In the latter half of the 20th century canal usage for leisure boating grew in popularity. The "Llangollen Branch of the Shropshire Union" became popular due to its aqueducts and scenery. The canal was later renamed the Llangollen Canal becoming one of the most popular canals for holidaymakers in Britain.
The canal's most notable features include the Pontcysyllte Aqueduct built by Thomas Telford. Opened in 1805, the aqueduct is more than 300 metres (980 ft) long and 38 metres (125 ft) above the valley floor. It has nineteen stone arches, each with a forty-five-foot span. Another aqueduct carries the canal over the River Ceiriog at Chirk, and there are tunnels nearby at Whitehouses, Chirk, and Ellesmere.
The canal also forms the boundary on two sides of the Fenn's, Whixall and Bettisfield Mosses National Nature Reserve.
The canal being restored by British Waterways in the mid 1980s.
A canal boat traverses the Pontcysyllte Aqueduct.
Hurleston to Frankton Junction
|Ellesmere Canal Hurleston Branch|
The canal at Hurleston Junction rises from the Shropshire Union Canal main line, through four adjacent locks.
Wrenbury lift bridge is operated by use of a British Waterways key, and involves closing barriers and stopping traffic on a sometimes-busy road.
At Whitchurch a short arm of the canal remains open. Originally this continued almost to the centre of the town, though sections have since been built over. Whitchurch Waterway Trust promotes the restoration of this arm.
Between bridges 44 and 47 the canal passes through Whixall Moss.
Adjacent to bridge 46 is Whixall Moss Junction leading to the Prees Branch (see below).
Between bridges 54 and 57 the canal passes the Ellesmere meres.
At Ellesmere there is a short arm towards the town.
The Prees Arm of the canal was originally intended to reach Prees, but was only constructed as far as Quina Brook. Today it is only open for a short distance, with two lift bridges, to a marina at the end of the navigable part; beyond that, the remainder of the constructed canal now forms the Prees Branch Canal Nature Reserve. The first bridge (Allman's Bridge) was one of the last manual lift bridges to be converted to hydraulic operation in 2010. Dobson's Bridge, a fixed humpback bridge, was classified in 1987 as a Grade Il listed building.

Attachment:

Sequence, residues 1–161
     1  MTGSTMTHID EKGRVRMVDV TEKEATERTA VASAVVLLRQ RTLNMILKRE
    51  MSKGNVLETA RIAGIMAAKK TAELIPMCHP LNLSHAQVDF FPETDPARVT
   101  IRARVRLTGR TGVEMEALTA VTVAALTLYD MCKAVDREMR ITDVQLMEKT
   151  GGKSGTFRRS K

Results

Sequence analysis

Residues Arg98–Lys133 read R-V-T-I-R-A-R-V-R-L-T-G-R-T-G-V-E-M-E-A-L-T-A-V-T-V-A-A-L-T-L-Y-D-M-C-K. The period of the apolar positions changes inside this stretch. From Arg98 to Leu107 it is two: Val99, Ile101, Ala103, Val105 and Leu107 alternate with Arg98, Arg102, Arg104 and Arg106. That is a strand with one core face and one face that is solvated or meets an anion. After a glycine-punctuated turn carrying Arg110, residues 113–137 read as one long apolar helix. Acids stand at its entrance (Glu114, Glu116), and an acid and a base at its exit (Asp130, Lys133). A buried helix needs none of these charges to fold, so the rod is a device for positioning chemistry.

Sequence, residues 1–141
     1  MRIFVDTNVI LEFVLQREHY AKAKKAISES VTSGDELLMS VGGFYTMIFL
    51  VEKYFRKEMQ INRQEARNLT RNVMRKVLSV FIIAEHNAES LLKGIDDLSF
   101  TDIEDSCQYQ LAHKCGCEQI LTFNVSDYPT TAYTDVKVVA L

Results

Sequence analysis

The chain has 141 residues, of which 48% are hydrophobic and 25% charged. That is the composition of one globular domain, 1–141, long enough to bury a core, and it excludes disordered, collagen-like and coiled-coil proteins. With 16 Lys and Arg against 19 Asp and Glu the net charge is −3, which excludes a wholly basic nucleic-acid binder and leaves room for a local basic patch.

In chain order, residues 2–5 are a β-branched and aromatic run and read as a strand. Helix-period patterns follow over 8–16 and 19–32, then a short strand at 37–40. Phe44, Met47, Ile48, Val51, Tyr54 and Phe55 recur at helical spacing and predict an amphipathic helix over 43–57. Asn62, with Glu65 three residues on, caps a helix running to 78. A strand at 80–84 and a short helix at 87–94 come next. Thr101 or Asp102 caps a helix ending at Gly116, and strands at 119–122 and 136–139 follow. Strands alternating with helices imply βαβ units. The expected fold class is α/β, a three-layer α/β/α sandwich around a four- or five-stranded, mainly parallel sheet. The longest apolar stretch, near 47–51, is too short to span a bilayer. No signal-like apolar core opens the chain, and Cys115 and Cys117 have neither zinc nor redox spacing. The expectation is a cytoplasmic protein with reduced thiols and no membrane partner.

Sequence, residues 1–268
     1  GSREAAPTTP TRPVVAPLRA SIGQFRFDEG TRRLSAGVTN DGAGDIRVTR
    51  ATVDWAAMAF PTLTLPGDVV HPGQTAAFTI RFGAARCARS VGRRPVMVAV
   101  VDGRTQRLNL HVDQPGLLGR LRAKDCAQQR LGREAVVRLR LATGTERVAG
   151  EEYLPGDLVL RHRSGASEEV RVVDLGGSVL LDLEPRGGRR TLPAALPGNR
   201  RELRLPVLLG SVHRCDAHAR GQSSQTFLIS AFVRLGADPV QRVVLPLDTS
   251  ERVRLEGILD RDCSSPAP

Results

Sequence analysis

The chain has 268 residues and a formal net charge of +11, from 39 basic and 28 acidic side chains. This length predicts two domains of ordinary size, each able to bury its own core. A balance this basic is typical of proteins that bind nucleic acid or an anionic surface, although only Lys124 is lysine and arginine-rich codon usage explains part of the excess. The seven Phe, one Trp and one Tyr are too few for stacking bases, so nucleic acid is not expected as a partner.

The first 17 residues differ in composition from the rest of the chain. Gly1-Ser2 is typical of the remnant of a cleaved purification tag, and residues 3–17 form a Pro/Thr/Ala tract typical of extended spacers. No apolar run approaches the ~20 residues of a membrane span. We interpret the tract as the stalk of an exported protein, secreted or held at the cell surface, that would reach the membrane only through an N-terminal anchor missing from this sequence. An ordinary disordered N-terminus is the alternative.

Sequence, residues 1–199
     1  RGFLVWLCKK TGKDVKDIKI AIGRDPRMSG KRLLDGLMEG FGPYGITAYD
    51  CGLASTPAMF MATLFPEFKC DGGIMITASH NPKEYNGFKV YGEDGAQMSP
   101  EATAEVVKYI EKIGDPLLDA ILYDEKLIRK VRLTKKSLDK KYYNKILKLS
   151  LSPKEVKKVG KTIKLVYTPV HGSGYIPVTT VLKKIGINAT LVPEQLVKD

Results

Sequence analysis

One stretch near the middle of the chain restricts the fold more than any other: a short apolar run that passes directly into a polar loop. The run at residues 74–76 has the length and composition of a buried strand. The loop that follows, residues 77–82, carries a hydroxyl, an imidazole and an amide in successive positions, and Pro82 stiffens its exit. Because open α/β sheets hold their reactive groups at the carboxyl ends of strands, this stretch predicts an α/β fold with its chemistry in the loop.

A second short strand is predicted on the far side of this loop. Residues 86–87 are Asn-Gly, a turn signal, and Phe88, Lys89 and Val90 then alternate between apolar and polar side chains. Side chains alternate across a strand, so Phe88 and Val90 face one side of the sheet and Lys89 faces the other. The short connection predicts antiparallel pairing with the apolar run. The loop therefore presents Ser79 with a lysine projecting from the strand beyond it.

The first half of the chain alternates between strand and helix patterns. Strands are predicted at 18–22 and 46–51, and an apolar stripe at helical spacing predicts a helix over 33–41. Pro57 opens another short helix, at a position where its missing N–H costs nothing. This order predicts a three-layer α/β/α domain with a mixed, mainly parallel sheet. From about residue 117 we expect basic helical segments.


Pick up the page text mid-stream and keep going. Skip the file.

Frankton Junction to Trevor Basin
|Frankton Junction to Trevor Basin|
At Frankton Junction the Montgomery Canal, which is partially restored, heads southwards. For historic reasons the bridge numbering continues down the Montgomery Canal and a second bridge numbering series for the Llangollen Canal begins with Rowson's Bridge (which is numbered both 1W and 70). The "W" addition is a recent act by British Waterways, to avoid possible confusion, especially for emergency services, of having different bridges on the same canal with the same number.
Trevor Basin to Horseshoe Falls
|Trevor Basin to Horseshoe Falls|
This section was built as a navigable feeder and is both shallow and narrow. Some sections near Llangollen are too narrow for boats to pass each other and it is necessary to scout ahead to check for oncoming boats.
Navigation by powered craft is prohibited beyond the entrance to Llangollen Marina and the final section is used only by the horse drawn trip boats. British Waterways maintains a gravel shoal immediately upstream of the marina entrance past Llangollen Wharf. This maintains a draft which most narrowboats cannot pass, but which is passable by the shallow drafted trip boats.
In 2005, a marina was constructed by British Waterways, just upstream from Llangollen Wharf, to relieve the acute shortage of casual moorings. A charge is made for all moorings over 48 hours at Llangollen. About 100 yards downstream of the wharf there are about a dozen 'visitor' moorings complete with individual electricity and water at each. There are none at the marina itself.
- Llangollen Canal – North Wales Borderlands website
- "Unesco names Pontcysyllte aqueduct as UK's latest World Heritage site". The Times (London). 28 June 2009. Retrieved 12 January 2010.
- Hugh McKnight (1987). The Shell Book of Inland Waterways. David & Charles. p. 28. ISBN 0-7153-8239-X.
- [dead link]
- "BBC News – North East Wales". Bbc.co.uk. 1 January 1970. Retrieved 29 May 2013.
|Wikimedia Commons has media related to Llangollen Canal.|
- Denton, John Horsley (1984). Montgomershire Canal and the Llanymynech Branch of the Ellesmere Canal. Lapal Publications. ISBN 0-9509238-1-8.
- Waterways World (2005). Canal Guide 2 – Llangollen and Montgomery Canals. Waterways World Ltd. ISBN 1-870002-89-X.